Site ColumnsBy Michelle
April 9, 2003 - 3:07 PM
I'm going to Britain for the first time on Friday. I've been planning this trip for literally my entire life, but parts of my itinerary have changed to reflect my changing fannish interests.
For instance, there was a time when I would have insisted on going to Nottingham to touch the ice where Torvill and Dean learned to skate. There was a time when I would have wanted to see anything connected with Andrew Lloyd Webber -- hey, stop laughing, I was fifteen. I'm still tempted to go to Pinewood Studios, which have ties to everything from Space: 1999 to Star Wars.
A friend from college went to London between his junior and senior years in the mid-1980s and brought me back a treasure -- a complete set of that season's Royal Shakespeare Company programmes. I discovered only later that they included Patrick Stewart among the cast members. This was before Star Trek: The Next Generation, before I had Page's Bar on my itinerary.
I'm going to be meeting up with some British friends whom I first encountered on the internet eight years ago, sharing Voyager fan fiction. I'm also hoping to sneak in a quick visit with my Trek Nation colleague Lisa. Star Trek has introduced me to people around the world, and as much as I'm looking forward to seeing the Rosetta Stone and the Pre-Raphaelite artwork and Stonehenge, I'm looking forward finally to meeting them in the flesh.
Trek BBS Today
Below are some of the topics currently being discussed at the Trek BBS:
-Which foods have been most closely associated with which characters, like Earl Grey tea with Picard and prune juice with Worf?
-Can you help contribute to a list of all the Star Trek references on Futurama?
-Which episode of which series would be the best introduction to Star Trek for someone who had never seen any of the shows before?.
More topics can be found at the Trek BBS!
Trek Two Years Ago
These were some of the major news items on April 9-12, 2001:
- More Trek X & Voyager Finale Talk
Executive producer Rick Berman promised that the unnamed tenth film would be "bigger in scope and concept" than previous Trek features, and would have guest appearances by one or more characters from series other than The Next Generation. Discussing John Logan's script, Berman enthused:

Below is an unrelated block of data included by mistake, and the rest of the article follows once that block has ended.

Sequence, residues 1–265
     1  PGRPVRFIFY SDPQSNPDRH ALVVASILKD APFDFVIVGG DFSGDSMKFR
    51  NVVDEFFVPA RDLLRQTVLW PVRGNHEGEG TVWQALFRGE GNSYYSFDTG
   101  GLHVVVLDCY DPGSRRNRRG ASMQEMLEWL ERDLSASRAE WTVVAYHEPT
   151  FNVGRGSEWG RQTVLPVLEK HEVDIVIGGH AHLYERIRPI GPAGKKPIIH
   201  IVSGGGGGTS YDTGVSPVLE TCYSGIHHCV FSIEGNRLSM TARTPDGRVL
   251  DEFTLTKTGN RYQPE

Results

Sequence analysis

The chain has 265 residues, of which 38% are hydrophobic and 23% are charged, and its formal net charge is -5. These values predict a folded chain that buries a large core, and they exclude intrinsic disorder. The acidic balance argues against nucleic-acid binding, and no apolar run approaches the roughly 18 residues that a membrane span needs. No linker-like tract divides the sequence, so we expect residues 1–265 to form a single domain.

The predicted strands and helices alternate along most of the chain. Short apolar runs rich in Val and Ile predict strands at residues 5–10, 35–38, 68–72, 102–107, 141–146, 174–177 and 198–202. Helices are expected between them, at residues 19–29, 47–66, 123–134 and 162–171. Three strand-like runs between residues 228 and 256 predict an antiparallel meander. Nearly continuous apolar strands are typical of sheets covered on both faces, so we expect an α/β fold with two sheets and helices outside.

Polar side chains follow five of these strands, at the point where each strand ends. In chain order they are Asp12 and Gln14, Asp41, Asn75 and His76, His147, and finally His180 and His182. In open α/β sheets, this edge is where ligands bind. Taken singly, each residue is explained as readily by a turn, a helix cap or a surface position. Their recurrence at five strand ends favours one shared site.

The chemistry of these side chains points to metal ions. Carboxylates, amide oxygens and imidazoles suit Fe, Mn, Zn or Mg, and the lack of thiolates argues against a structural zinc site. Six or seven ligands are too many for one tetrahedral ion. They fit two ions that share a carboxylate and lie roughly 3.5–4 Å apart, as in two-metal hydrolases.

It is more of a heroic Picard vs. the evil villain type of picture as compared to some of the previous films...I think there is more action in it and it's a film that takes place primarily in space. We have wonderful villains, wonderful species both known and new and I would describe the film as being in the same style as John's film Gladiator. The film has a real epic quality to it.
- Michael Piller Looks Back At 'Voyager'
Michael Piller reflected on the seven-year run of Voyager, which he departed as executive producer at the end of the second season. "I think at its best, Voyager dealt with interesting philosophical issues, but I always saw it as a more entertaining, more exciting version of Star Trek than its predecessors," he said. "The one thing that I look back on and think would have made the series more interesting would have been to keep more conflict going between the Maquis and the Starfleet characters, at least during the first season or two."
- Ryan: It Makes Sense To Go With Chakotay
Jeri Ryan told Starlog magazine that she thought it was appropriate for Seven of Nine to become romantically involved with Chakotay, despite fan uproar about the rumored pairing in the episode "Human Error". Ryan felt that Seven didn't "take Harry Kim very seriously" and wouldn't date the Doctor "because they've been down that road, too". However, she said she hoped Seven would never fully regain her humanity: "I don't want anyone to call her Annika by the end."
More news can be found in the archives.
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Please vote in our new poll and rate tonight's episode, "Judgment".
Today's Television Listings
Tonight at 8:00 p.m. Eastern Time, UPN will be showing "Judgment". Here's the official synopsis of the episode:
Archer stands trial before the Klingon Tribunal who have charged him with firing on a Klingon warship and providing aid to refugees on the run from the Klingon empire for which the punishment is death. When the prosecution paints a skewed and violent picture of the events in question, Archer challenges his appointed Klingon legal counsel to buck their cruel justice system and let him present his side of the story in the hopes that he will prevail. In the process, Archer learns that Klingons haven't always been a warrior society and that there are Klingons who want to lead a more peaceful existence.